Yes, HIV has a significant impact on the Black community in the U.S. Here are a few key facts:
- In 2017, African Americans made up 13 percent of the U.S. population but accounted for 42 percent of people living with diagnosed HIV.
- In 2017, the rate of new HIV infection among African Americans was 8 times higher than that of white men and 15 times higher than that of white women based on population size.
- In 2016, the HIV diagnosis rate for African American women was almost 5 times higher than that of Latino women.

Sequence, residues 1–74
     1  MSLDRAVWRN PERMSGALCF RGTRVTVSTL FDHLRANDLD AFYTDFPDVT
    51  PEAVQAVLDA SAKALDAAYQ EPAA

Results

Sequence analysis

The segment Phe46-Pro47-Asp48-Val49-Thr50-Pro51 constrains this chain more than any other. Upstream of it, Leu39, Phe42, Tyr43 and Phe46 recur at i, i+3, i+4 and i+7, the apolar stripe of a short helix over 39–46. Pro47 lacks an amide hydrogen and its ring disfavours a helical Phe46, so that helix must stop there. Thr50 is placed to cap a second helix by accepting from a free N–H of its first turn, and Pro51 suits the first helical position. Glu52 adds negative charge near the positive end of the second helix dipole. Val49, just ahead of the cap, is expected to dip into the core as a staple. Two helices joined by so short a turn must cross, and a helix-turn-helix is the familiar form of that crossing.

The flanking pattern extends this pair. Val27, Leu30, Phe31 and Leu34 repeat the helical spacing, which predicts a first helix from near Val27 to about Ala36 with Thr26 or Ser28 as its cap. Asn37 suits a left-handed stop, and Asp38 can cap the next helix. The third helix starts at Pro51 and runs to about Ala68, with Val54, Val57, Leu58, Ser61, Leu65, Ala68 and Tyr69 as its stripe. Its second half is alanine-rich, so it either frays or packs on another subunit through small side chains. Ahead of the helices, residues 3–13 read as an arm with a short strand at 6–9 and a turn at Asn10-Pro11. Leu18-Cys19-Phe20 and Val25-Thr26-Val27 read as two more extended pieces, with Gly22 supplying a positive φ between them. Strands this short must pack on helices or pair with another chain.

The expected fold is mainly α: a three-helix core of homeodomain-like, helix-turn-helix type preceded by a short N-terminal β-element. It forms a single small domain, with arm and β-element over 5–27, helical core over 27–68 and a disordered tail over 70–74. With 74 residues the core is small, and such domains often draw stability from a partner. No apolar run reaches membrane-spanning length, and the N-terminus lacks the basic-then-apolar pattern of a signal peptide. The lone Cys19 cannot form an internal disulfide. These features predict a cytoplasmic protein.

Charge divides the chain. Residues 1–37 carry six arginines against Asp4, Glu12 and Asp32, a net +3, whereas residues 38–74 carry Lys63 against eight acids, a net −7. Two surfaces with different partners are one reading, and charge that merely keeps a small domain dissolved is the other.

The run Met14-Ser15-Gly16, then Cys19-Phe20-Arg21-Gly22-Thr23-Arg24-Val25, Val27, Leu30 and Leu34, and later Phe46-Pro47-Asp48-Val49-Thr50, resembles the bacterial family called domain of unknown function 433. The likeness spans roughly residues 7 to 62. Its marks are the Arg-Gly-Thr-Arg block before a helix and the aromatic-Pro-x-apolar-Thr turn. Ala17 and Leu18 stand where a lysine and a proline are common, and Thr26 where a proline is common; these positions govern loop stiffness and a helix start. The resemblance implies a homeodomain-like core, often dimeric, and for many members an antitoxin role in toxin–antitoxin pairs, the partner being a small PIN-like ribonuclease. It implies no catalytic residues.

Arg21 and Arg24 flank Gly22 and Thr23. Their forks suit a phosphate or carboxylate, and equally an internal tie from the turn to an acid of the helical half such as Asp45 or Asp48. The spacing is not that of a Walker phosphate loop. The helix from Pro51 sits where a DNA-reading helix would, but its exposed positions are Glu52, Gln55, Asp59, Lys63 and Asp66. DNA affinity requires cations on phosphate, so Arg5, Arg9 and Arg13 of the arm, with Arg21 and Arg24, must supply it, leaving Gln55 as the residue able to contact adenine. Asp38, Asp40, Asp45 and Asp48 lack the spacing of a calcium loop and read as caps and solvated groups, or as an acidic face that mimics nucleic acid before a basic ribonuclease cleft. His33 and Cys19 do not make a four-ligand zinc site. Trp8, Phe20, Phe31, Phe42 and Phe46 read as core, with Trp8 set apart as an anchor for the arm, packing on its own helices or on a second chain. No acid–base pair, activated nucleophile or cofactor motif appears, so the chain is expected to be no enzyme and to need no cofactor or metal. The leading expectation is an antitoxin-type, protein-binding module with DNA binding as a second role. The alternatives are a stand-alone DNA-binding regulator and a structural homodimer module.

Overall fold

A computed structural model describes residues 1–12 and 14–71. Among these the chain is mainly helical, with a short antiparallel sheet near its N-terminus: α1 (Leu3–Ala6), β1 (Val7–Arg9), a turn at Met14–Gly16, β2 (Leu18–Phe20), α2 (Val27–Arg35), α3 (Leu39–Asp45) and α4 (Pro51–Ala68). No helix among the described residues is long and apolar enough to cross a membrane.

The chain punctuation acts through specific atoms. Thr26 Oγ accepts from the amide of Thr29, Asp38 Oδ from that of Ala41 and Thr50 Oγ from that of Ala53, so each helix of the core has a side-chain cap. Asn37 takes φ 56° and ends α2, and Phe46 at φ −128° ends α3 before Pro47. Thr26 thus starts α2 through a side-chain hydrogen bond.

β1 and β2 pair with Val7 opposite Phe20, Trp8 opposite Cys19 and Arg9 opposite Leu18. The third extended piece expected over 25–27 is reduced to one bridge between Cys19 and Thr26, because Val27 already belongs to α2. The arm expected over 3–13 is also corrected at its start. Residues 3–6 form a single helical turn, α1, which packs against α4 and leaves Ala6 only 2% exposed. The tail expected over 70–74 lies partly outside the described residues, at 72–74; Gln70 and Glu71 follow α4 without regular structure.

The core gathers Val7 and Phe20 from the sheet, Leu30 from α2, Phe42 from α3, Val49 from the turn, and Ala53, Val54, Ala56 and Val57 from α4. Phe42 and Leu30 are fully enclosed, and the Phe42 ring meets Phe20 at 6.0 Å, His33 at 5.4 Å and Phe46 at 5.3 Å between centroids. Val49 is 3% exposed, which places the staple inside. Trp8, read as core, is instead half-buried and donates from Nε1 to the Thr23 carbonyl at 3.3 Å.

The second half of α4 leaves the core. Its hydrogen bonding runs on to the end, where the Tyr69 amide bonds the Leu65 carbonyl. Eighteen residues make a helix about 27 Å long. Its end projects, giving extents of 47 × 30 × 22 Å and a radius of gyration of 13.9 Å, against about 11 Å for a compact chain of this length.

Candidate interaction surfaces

- In 2017, Black men accounted for 37 percent of all new HIV diagnoses among gay and bisexual men.
- In 2017, African Americans in the South accounted for 53 percent of all new HIV diagnoses in the region.
- Blacks are more likely to become infected, less likely to get treatment, less likely to know they have the disease, and more likely to die from HIV and AIDS than any other race.
Source: U.S. Centers for Disease Control and Prevention